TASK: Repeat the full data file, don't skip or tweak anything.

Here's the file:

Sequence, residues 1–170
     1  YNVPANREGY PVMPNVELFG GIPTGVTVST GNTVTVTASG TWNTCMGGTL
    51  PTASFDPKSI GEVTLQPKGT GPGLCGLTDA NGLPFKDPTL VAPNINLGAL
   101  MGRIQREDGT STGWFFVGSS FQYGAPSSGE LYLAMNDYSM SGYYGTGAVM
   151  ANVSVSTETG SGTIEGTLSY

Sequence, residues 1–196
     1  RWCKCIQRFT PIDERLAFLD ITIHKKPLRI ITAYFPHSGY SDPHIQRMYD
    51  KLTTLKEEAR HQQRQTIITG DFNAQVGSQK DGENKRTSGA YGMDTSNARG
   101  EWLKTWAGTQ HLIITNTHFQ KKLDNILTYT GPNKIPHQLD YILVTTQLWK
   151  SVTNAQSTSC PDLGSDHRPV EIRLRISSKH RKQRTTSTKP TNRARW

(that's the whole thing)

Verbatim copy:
Sequence, residues 1–170
     1  YNVPANREGY PVMPNVELFG GIPTGVTVST GNTVTVTASG TWNTCMGGTL
    51  PTASFDPKSI GEVTLQPKGT GPGLCGLTDA NGLPFKDPTL VAPNINLGAL
   101  MGRIQREDGT STGWFFVGSS FQYGAPSSGE LYLAMNDYSM SGYYGTGAVM
   151  ANVSVSTETG SGTIEGTLSY

Sequence, residues 1–196
     1  RWCKCIQRFT PIDERLAFLD ITIHKKPLRI ITAYFPHSGY SDPHIQRMYD
    51  KLTTLKEEAR HQQRQTIITG DFNAQVGSQK DGENKRTSGA YGMDTSNARG
   101  EWLKTWAGTQ HLIITNTHFQ KKLDNILTYT GPNKIPHQLD YILVTTQLWK
   151  SVTNAQSTSC PDLGSDHRPV EIRLRISSKH RKQRTTSTKP TNRARW